If there is any truth to the purported machinations, such is a categorical norm in the cloak and dagger aspect of politics.
But with all intents and purposes, or whatever the objective reality is, who is now the biggest loser in this latest ruckus?
CROWN JEWEL AT STAKE
All eyes are turning to PKR in Selangor, where the blow is expected to hit the hardest, noted Professsor Datuk Seri Dr Mohamed Mustafa Ishak.
“Obviously, PKR would be the biggest loser in this scenario,” the Universiti Utara Malaysia vice-chancellor said.
“There will be no more support for Pas on which PKR could be riding on. It is in danger of losing some Malay marginal seats in Selangor.”
PAN and Pakatan Harapan’s latest member, Parti Pribumi Bersatu Malaysia’s (PPBM), may only posses nominal weight in garnering votes from rural Malays.
“It is still not clear how many Malay votes PBBM and PAN can deliver for their pact.
“But, it may not be able to compensate what is being lost from Pas.”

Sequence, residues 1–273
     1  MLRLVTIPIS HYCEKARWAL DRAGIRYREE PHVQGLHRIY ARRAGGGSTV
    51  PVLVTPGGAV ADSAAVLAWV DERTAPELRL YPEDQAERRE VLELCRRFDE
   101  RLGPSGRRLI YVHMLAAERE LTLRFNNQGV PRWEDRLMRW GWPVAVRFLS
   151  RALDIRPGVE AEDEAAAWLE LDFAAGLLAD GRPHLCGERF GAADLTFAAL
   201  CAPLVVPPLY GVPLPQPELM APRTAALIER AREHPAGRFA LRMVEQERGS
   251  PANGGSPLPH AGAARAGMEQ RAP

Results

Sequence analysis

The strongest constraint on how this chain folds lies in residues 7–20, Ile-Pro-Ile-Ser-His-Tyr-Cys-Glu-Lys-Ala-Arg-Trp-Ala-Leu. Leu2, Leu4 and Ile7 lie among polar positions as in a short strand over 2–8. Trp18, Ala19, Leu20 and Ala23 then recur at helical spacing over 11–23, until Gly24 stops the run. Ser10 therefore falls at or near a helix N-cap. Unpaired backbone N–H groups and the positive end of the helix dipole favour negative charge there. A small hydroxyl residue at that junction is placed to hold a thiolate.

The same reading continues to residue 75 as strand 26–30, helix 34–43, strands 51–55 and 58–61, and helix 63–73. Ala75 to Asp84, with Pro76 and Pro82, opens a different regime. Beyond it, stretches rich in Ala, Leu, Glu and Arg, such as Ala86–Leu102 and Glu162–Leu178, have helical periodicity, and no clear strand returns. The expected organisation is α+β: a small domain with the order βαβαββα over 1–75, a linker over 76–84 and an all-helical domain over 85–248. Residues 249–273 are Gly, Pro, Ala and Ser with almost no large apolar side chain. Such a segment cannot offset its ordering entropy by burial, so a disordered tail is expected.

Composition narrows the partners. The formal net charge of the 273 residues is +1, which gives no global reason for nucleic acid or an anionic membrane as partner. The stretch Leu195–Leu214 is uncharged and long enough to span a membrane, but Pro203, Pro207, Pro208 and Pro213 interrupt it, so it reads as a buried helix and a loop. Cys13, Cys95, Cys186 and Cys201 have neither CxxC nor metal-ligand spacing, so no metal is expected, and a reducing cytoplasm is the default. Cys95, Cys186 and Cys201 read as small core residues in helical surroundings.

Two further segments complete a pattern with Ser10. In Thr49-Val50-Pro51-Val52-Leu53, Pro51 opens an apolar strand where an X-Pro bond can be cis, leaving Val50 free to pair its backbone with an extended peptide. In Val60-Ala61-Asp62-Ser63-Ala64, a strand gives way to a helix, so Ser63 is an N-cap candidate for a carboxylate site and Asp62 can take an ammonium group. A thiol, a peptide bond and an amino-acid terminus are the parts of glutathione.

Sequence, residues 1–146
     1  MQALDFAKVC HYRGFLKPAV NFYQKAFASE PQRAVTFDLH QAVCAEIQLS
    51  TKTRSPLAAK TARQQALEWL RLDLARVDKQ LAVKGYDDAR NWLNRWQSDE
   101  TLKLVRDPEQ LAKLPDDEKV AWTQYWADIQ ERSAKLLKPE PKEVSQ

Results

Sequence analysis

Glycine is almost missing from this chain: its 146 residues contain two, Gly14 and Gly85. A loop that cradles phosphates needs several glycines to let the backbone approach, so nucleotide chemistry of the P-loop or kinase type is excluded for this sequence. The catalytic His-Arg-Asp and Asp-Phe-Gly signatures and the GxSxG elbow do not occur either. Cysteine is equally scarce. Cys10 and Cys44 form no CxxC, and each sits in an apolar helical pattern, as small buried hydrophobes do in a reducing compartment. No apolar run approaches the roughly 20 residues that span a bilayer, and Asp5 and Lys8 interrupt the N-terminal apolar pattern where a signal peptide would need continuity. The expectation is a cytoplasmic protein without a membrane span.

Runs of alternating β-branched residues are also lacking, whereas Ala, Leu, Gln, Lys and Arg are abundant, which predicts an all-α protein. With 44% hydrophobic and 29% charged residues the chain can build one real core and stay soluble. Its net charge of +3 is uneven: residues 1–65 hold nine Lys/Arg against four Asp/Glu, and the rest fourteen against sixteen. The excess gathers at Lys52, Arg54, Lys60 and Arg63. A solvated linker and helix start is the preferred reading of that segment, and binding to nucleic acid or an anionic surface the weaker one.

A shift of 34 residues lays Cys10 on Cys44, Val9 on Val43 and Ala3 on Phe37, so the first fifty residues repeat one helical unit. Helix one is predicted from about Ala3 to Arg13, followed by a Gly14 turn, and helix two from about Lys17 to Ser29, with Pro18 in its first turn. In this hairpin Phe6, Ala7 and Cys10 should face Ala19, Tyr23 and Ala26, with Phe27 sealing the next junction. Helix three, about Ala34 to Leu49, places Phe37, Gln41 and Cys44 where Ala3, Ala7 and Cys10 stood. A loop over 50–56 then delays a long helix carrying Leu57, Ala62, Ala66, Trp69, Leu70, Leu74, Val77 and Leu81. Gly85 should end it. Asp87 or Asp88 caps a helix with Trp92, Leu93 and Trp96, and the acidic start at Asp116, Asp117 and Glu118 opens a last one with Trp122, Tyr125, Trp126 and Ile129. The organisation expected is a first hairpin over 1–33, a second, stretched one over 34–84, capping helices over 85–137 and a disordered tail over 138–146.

Mustafa’s view is not far off based on stats and figures.
Research firm Politweet is a non-partisan research firm analysing interactions among Malaysians through social media.
It said during the 13th General Election (GE13) in Selangor, Pas’s seats, on average, gained the highest support across all age groups at 54 per cent and below, with those aged between 38 and 45 topping the list.
And in an overall picture nationwide, Politweet said PKR and DAP may not perform better in rural areas without Pas’s involvement.
But, it must be noted that the research was made before the possible implementation of a redelineation exercise and formation of PPBM, whose mettle at the polls is yet to be tested.
“PKR and DAP have not had as much success winning rural seats as compared with Pas and Barisan Nasional.
“Without Pas continuing to represent (now-defunct) Pakatan Rakyat in those seats, a new coalition will have difficulties winning the 14th General Election.
“The possibility of three-cornered fights between Pas, BN and Gerakan Harapan Baru (now PAN) increases the likelihood of BN winning seats with less than 50 per cent of the vote. This could happen even in Kelantan and Terengganu, if enough Pas leaders and members leave to join the new party.”
HOLDING IT TOGETHER
There were reports that Azmin had to let go the Pas executive council members — Datuk Iskandar Abdul Samad, Datuk Dr Ahmad Yunus Hairi and Zaidy Abdul Talib — due to pressure from his colleagues in Pakatan Harapan.